They are innovators in industries new and old. They are technologically astute, with ideas to burn. They are highly focused, and getting highly rich. They are the new breed of young people to watch included in Forbes magazine’s “30 Under 30” edition.
Here are a few of our favourites:
Pete Cashmore, 27, Mashable (pictured above)
Pete Cashmore founded the popular technology news site Mashable while living at home with his parents in Aberdeenshire, Scotland, when he was 19, and remains its chief executive now that he is all of 27.
These days Mr Cashmore lives the life of the media mogul, dividing his time between Scotland, San Francisco, New York and Los Angeles. He calls Mashable “the leading source of news, information and resources for the connected generation.”
There has been speculation Mr Cashmore would sell Mashable for up to $200m but he remains at the helm. @mashable is one of the most-followed Twitter accounts in the world, with more than 3.7million followers.
BusinessWeek has featured his site as one of the world’s most profitable blogs.
Mr Cashmore says his passion for sharing “how web tools and social net- works were transforming human interactions and reshaping cultures” drove him to create Mashable.
He told a Boston radio station: “More communication is better… the more we interact not only do we become more tolerant of new ideas and different ways of thinking, we also create more new ideas, because what are ideas if they’re not collisions between people of different backgrounds.”
Jessica Matthews, 25, Uncharted Play
Jessica Matthews (pictured blow) is co-founder of Uncharted Play, a “social enterprise” company she formed with a Harvard classmate that worked out how to create power by kick- ing around a football – they made an “energy-harnessing soccer ball.”
“If ever there was an innovator, she’s it,” the former President Bill Clinton said. President Barack Obama has actually played football with the ball.
The company created the “soccket” ball with a battery inside so that 30 minutes of play means the ball absorbs kinetic energy to charge the battery enough to then provide several hours of light.
The invention could help millions of people in parts of the world without electricity who depend on kerosene lamps.
Future inventions may include electricity-generating skipping rope, skateboard and American football.
Lucy Baldwin, 28, Goldman Sachs
The 28-year old Lucy Baldwin (pictured below) is a managing director at Goldman Sachs in London where she heads up the investment bank’s European retail and consumer equity research team.
Ms Baldwin is known for her knowledge of the near-$300bn global luxury goods industry. She started as a mergers and acquisitions analyst but switched to equity research because she saw a big opportunity.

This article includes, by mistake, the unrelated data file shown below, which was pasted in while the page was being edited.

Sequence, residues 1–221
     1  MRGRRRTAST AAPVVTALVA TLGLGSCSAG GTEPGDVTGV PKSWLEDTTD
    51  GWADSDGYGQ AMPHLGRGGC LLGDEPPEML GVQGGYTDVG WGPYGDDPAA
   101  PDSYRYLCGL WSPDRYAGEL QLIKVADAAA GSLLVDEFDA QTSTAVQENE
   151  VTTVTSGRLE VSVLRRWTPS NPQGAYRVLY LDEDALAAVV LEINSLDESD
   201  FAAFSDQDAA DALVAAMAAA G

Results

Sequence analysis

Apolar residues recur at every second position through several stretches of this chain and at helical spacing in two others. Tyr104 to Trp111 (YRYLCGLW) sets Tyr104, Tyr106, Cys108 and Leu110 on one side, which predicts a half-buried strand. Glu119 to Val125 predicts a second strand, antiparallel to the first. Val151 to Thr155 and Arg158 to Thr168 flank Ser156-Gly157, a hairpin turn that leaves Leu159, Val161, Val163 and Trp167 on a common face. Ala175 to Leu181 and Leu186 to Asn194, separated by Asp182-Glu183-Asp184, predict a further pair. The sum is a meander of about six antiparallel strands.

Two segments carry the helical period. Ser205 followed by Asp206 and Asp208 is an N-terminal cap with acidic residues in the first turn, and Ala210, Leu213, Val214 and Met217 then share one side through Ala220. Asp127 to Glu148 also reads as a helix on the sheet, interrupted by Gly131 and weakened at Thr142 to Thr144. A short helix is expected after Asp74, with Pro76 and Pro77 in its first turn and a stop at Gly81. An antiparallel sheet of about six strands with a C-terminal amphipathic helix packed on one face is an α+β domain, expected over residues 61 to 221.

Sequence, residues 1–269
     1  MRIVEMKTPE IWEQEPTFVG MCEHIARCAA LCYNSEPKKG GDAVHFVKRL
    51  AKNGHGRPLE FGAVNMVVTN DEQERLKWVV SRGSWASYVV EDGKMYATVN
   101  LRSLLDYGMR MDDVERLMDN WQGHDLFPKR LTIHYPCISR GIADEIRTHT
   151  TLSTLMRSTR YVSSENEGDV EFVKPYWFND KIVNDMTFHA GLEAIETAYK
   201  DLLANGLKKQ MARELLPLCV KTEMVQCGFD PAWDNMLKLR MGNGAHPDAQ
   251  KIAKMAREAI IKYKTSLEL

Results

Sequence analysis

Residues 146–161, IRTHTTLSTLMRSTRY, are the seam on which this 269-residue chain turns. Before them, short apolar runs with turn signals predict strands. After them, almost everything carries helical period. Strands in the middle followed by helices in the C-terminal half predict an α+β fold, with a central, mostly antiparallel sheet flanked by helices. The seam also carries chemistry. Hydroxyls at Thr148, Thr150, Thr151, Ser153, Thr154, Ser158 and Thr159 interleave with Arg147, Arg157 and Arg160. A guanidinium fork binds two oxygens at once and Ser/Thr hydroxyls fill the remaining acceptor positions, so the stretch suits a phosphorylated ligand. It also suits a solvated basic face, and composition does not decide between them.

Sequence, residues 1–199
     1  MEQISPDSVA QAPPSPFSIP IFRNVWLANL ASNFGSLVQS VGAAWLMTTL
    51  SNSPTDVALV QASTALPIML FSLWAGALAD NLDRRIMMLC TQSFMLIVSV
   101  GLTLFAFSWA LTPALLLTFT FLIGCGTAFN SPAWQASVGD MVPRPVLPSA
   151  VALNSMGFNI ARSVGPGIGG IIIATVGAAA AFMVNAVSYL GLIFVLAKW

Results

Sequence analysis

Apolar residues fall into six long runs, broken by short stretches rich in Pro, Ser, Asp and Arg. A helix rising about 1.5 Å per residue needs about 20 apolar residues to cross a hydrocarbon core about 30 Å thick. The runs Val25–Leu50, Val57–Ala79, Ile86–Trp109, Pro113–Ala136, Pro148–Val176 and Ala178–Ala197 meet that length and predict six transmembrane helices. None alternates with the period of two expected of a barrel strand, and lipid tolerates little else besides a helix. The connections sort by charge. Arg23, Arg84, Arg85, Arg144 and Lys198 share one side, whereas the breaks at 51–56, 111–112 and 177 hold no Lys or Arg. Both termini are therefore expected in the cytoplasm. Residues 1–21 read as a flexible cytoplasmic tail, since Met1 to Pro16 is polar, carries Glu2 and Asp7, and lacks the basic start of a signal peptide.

She told a London conference in 2012 she was impressed by how quickly young analysts in this field were allowed to have contact with executives of the companies they covered. Smart move.
Ms Baldwin is at the forefront of the charge by women into leading jobs in finance and believes companies benefit from such a policy.
As she told The Gateway website: financial companies are not promoting equality for its own sake – it actually helps the bottom line. “If you look at a group of listed companies, those with a diverse workforce perform better.”
LAJ Forysthe, 25, iCracked
AJ Forsythe, 25, started up iCracked to repair – or buy – mobile Apple devices including the iPhone and iPad – and now the firm is hoping to make about $10m in sales this year.
iCracked has a network of engineers (called “iTechs”) in 11 countries who can quickly fix phones and other Apple devices.
Mr Forsythe has said he plans to have an iCracked presence in every city in the world within the next two years.
“Think of our iTechs as personal, elite repair specialists that come to you, wherever you are at the click of a button,” he says.
Amir Taaki, 25, Dark Wallet
Amir Taaki, 25, is the British-Iranian co-founder of Dark Wallet, a service that wants to be “The Anarchist’s Bitcoin App Of Choice.”
The folks behind Dark Wallet think the community that has evolved around Bitcoin, the digital currency, has become a bit too friendly with the Establishment around the world.
Dark Wallet says it allows Bitcoin users to spend and receive the currency just like other services but that unlike some “wallets” it is designed to preserve the status of Bitcoin as an anonymous, hard-to-trace currency.
“Many prominent Bitcoin developers are actively in collusion with members of law enforcement and seeking approval from government legislators,” says Dark Wallet on its site.
We believe this is not in Bitcoin user’s self interest, and instead serves wealthy business interests that make up the self-titled Bitcoin Foundation...
“We don’t need to cooperate with control freaks. Disobedience is the only way.”